PowerShell is an awesome scripting language and a must-have for any IT professional’s tool kit. I am by no means a PowerShell Master, but if you’re just starting to pick up PowerShell, here are a few tips that I’ve learned along the way that may help you get started on the right path.
Find a good ISE to write your scripts
An ISE is an Integrated Scripting Environment. This is generally an advanced text editor with tools built in to help you write working code. I started out writing all of my scripts in Notepad++, and while Notepad++ has some decent features for writing quick scripts, it can be a little clunky.
For the last couple of years, I’ve used PowerGUI almost daily for writing my scripts, and would highly recommend it. PowerGUI includes a bunch of additional features over NotePad++, including variable tools and an integrated shell, making it a much more robust application for developing PowerShell than NotePad++. And it’s free! PowerGUI is no longer in development, but you can still find ways to download it. For example, you can install it using Chocolatey.
I’ve recently begun testing Visual Studio Code, another free ISE. VS Code is an open source and highly-customizable ISE from Microsoft that supports a ton of great features, including extensions, and has a ton of developer support.
In short, find an ISE that you feel comfortable working in, and you’ll find yourself writing better scripts faster and with fewer headaches.
Organize and source protect your scripts
When I first starting writing PowerShell, I would write a script local to the system that I was trying to automate and would just leave it in a local folder like ‘C:\scripts’. This got the job done, but after writing a couple dozen scripts, it got more difficult to keep track of which scripts were running where and what they were doing.
To address this, I deployed a new VM and set up a handful of environment-specific repos in GitHub, which I then cloned to the VM. I migrated all of my scripts from the various systems in our environment to these repositories. The end result was that all of my scripts were now located in a single, manageable location.
By source-protecting these scripts in GitHub, it also took out the hassle of figuring out which version of a script was the latest and greatest one I was last working on (instead of sorting through script.ps1, script-new.ps1, script-new2017.ps1, etc.). I ended up with a single master copy of the script, source-protected in GitHub, which made it easier to organize and schedule the correct scripts.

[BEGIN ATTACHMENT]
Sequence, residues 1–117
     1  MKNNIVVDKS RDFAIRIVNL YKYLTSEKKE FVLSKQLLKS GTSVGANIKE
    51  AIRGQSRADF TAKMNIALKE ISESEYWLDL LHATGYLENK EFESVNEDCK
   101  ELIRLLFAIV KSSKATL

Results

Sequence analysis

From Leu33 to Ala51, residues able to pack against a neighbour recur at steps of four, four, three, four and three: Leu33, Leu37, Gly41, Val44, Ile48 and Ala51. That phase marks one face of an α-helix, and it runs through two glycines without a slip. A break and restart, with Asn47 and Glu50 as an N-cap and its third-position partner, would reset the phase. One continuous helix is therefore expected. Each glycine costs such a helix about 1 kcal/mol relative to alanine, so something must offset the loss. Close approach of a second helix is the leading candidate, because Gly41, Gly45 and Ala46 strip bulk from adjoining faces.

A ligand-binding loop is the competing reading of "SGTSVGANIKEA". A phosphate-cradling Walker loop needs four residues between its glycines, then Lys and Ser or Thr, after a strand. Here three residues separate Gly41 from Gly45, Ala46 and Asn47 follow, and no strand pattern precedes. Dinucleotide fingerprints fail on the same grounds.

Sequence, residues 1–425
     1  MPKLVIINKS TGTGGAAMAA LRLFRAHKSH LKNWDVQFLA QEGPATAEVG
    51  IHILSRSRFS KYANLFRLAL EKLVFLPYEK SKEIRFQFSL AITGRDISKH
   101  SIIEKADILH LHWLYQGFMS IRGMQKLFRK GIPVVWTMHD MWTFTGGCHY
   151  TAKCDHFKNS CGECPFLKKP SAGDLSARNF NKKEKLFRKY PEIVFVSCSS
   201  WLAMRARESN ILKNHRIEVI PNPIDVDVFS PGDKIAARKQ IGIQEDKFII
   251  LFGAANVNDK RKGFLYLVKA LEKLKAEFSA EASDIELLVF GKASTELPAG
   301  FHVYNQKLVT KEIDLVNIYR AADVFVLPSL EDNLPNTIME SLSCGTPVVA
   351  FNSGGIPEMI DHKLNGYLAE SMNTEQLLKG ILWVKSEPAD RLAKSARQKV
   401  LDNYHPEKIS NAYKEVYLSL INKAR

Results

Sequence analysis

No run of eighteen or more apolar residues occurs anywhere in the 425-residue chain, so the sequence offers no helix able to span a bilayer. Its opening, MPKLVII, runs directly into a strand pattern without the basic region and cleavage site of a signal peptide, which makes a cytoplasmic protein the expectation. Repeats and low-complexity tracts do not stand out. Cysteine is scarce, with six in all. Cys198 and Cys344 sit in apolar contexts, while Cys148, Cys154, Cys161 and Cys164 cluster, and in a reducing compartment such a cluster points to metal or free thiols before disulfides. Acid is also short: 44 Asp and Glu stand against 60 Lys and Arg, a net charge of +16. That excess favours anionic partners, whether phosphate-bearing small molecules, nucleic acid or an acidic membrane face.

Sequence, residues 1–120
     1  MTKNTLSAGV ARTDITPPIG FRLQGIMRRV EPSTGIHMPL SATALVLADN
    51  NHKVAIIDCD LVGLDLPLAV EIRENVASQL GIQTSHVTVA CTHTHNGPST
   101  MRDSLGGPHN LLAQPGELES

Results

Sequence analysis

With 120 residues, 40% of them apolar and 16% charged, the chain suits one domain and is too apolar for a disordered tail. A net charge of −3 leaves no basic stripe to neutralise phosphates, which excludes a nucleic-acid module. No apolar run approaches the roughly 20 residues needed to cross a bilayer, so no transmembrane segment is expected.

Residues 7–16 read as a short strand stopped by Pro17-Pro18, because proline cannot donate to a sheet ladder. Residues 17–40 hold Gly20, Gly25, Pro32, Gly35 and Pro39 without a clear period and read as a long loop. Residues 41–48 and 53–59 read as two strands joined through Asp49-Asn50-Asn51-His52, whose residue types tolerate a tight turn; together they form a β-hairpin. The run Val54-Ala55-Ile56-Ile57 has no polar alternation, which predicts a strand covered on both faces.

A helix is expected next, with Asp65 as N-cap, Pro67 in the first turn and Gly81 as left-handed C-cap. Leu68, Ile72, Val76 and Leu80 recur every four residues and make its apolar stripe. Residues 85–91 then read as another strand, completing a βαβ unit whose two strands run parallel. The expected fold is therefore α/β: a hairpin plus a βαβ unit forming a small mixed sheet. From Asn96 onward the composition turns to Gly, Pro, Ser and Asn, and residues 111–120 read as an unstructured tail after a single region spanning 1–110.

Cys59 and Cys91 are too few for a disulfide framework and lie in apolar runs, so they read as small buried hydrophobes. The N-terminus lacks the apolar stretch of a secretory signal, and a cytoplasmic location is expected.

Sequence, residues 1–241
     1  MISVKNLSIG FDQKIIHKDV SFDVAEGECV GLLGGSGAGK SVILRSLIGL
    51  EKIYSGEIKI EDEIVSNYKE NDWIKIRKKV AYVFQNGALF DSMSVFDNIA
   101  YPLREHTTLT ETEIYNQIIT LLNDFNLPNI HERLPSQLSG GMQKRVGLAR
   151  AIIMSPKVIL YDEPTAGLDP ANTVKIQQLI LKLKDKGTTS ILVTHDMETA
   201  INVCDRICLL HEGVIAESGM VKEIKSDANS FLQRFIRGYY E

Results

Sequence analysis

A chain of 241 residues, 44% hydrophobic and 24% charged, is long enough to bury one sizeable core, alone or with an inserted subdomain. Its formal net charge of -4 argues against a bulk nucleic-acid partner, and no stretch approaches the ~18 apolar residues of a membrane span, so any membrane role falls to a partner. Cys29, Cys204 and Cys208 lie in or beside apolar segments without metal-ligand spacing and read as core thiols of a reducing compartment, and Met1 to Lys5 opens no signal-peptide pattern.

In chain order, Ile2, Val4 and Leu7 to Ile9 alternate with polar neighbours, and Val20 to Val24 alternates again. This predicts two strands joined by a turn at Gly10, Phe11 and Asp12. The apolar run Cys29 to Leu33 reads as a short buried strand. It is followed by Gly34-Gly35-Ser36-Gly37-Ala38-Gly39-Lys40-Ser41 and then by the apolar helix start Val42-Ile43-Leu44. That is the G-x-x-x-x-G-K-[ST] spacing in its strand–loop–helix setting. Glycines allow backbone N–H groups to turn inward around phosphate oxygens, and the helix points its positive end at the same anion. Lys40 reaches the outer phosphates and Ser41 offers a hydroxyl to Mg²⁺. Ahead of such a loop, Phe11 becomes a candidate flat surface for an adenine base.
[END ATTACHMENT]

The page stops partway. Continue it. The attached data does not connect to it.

Use PowerShell Profiles
PowerShell provides a few different custom profiles that you can configure within Windows to execute code when you first launch a PowerShell console. You can use these custom profiles to:
- Load modules
- Set up console output to a log file
- Define aliases
I can’t even count the number of times I had to type ‘Import-module ActiveDirectory’ after launching a new PowerShell window over the years before just setting up my custom profile to load it automatically. Having my PowerShell windows load in a desired state automatically has been a game-changer, and has simplified the process of using PowerShell in my environment.
The PowerShell profile specific to your user account on your machine is probably located in your Documents folder.
Leave Comments for Yourself
After thinking of an idea for a script, writing it up and putting it into production, it’s not uncommon for me to have an idea for a piece of logic or functionality to improve the original script later down the road. Some of the scripts I’ve written (like Active Directory settings managers, Citrix profile cleaners, etc.) can wind up being several hundred lines of code when they’re all said and done. Opening up a script that I wrote 6 months before and figuring out how I wrote it can be difficult without good comments.
Get into the habit of adding comments throughout your scripts as you’re writing them. It will pay off time and time again when you think of new features and improvements to your scripts and can just easily open them back up and follow the comments.
Set up Logging And Reports
Automating technical environments with PowerShell is great. Automating technical environments AND seeing HOW they’re automating is awesome.
The great thing about PowerShell is that it can perform routine tasks for us without our involvement. This means less stress and more uninterrupted sleep. However, we are still responsible for the impact that these scripts have in our environment and for how well they’re doing their job. Setting up HTML email reporting and/or console exports to log files for us to review later help us keep a finger on the pulse of what our environment is doing behind the scenes. Having this kind of feedback can keep us from checking up on what a script is doing months later and finding that a bug in the logic has created a huge and unexpected issue for us that has to be addressed.
Check out my tutorial on creating email reports.